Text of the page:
And April in your face

This past week I have been looking back, returning to and re-encountering work that last year I had packed and stored, tucked away from visibility and memory. This image below is part of a much larger project on bees called “not by chance alone,” which was exhibited at the RAG in the fall of 2015. After the show came down, I started to rework parts of the project, turning the work’s initial impetus and focus away from honeybees, and solely towards native bees and pollinators. Although native bees were already a large part of the original project, I wanted to reconfigure the content with native pollinators as the dominant thematic.

I extracted this section from the motifs of the big project–it represents an interpretation and conflagration of several mythical figures: she is Flora, Persephone, Cloris,and Melissa.  Metaphorically, she is spring, abundance, fecundity and renewal. I based her face upon Botticelli’s Primavera.

“And April in your face,” relief printing on gampi, beeswax, ink, graphite., collage. 12’x13′. 2015-2017 jasna guy

She is composed entirely of tiny bee imprints created on 45 sheets of translucent gampi paper. Each individual sheet is 18×24,” making the completed work, 12’x13′. The warm tone of the paper is enhanced by dipping the sheets into melted, unrefined beeswax.

The text which surrounds her, celebrates the arrival of springtime. It is taken from a beautiful Italian madrigal, for 5 voices, called “Ride la Primavera,” . The first line is usually translated as “Spring is smiling,” although ridere in contemporary Italian means to laugh. But hey, the language gurus know their Renaissance stuff! The music was written by Heinrich Schütz in 1611; lyrics by Giambattista Marino.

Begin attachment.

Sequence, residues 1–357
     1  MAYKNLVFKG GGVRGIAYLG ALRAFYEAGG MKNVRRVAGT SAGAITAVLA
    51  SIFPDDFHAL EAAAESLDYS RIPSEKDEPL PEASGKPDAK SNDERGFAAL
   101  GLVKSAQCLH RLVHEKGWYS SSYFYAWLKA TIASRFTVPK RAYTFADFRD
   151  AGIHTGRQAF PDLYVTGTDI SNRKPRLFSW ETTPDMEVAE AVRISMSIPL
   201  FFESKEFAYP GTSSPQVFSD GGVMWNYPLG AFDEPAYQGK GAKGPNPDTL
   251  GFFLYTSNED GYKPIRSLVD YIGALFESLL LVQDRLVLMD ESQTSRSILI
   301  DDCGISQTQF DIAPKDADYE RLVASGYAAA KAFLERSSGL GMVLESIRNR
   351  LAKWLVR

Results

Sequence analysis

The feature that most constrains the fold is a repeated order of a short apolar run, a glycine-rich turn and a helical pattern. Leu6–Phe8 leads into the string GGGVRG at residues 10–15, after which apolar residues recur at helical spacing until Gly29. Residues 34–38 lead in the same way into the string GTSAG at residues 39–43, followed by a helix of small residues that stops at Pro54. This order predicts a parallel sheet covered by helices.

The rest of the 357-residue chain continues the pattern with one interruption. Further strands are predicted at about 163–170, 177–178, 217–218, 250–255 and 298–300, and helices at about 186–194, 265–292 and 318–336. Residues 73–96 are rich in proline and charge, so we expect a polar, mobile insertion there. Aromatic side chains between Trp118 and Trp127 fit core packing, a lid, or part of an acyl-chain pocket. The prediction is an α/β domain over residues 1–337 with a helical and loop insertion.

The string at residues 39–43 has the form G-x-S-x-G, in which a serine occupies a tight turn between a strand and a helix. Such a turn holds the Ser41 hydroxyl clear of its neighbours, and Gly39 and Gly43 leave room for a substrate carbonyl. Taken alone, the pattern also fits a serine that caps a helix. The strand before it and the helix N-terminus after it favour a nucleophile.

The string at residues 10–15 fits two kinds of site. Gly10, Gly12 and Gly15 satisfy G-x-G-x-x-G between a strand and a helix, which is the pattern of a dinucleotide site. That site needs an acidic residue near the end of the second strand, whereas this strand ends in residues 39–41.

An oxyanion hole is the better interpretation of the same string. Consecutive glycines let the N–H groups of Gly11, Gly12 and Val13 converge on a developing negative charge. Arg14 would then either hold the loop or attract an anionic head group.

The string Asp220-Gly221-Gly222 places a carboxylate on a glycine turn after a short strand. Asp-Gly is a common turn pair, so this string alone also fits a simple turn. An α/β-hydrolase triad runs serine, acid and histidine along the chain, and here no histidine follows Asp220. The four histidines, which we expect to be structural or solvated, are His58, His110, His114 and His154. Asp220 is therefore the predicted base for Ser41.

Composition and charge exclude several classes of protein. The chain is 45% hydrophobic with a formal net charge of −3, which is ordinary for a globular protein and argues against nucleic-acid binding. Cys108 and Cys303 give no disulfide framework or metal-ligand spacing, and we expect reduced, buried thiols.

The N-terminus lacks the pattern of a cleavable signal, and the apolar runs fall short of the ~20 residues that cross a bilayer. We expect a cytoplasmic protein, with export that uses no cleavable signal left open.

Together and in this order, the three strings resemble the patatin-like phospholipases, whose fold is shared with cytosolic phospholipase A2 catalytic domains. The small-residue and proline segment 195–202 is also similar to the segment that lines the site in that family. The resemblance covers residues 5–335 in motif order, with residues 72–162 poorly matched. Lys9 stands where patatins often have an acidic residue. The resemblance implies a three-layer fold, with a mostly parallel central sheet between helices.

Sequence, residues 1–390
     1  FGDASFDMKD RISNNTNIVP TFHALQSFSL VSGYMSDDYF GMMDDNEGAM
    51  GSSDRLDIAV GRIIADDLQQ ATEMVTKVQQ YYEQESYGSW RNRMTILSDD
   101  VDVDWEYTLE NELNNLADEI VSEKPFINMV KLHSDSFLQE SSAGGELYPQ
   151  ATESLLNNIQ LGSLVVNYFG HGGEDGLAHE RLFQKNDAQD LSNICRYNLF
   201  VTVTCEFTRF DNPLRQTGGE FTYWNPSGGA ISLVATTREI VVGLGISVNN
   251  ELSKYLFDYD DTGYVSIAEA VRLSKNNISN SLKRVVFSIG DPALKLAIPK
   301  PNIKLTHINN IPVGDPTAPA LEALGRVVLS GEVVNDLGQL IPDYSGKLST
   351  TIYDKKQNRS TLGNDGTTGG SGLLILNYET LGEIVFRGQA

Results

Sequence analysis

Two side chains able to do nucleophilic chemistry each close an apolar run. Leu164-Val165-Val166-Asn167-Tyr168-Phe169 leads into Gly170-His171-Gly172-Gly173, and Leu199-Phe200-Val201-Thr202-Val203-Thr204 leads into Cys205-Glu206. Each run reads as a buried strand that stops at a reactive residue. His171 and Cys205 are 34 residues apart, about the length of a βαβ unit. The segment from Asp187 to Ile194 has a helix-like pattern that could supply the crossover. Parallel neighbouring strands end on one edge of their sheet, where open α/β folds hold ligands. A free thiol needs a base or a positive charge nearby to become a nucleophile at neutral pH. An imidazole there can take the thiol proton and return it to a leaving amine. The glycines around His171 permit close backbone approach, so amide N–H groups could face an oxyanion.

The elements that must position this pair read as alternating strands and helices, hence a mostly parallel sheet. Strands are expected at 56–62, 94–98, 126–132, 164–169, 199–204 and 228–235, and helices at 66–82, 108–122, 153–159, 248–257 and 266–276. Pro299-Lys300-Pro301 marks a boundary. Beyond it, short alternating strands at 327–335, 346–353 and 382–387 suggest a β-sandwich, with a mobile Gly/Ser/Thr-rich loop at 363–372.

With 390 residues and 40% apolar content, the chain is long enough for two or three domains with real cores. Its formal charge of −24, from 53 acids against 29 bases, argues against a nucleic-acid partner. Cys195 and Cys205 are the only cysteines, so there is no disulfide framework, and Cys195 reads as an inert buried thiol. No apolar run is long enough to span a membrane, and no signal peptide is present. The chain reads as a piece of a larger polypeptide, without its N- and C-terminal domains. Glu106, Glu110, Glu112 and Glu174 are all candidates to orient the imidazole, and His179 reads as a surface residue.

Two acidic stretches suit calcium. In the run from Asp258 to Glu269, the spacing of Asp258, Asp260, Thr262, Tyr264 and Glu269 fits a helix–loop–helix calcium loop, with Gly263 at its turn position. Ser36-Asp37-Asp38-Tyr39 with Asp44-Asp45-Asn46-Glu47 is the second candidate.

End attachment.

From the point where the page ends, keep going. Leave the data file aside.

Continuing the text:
A rough translation of the madrigal here:

“Spring is smiling, for beautiful Clori is returning,                                                                       Listen to the little swallow, look at the grasses and the flowers,                                             But you Clori, more lovely in this new season, Keep old winter,                                            for your heart is girded by eternal ice.  Will you, cruel Nymph,                                            for kindness, hold the sun in your eyes, And April in your face?”

 

celebrating pollen with Lori Weidenhammer and Artstarts

I had the great honor and pleasure of sharing 4 workshops on pollen this past weekend with artist and author, Lori Weidenhammer.  Lori gave me a copy of her new book, Victory Gardens for Bees, which I was thrilled to share with workshop participants. This beautiful and timely book will be on the shelves very soon. It is a fantastic compendium of gardening  information with the express aim of helping our native pollinators. The book is lushly illustrated with stunning photos, and it is a delight to hear Lori’s voice come through in the text.

 

Lori-Weidenhammer-book

The free weekend workshops Lori and I facilitated were offered through Artstarts at the New Westminster Quay location and at Artstarts downtown Vancouver.  We drew, stamped, collaged and embellished bees and flowers and made postcards and matching buttons.  Not only did we celebrate flowers, bees and pollen but we even got to celebrate the 20th birthday of ArtStarts four times!!!!

Looking at flower parts and pollen with a loupe. Photo: Lori Weidenhammer

Dark purple pollen of anemone.   Photo: Lori Weidenhammer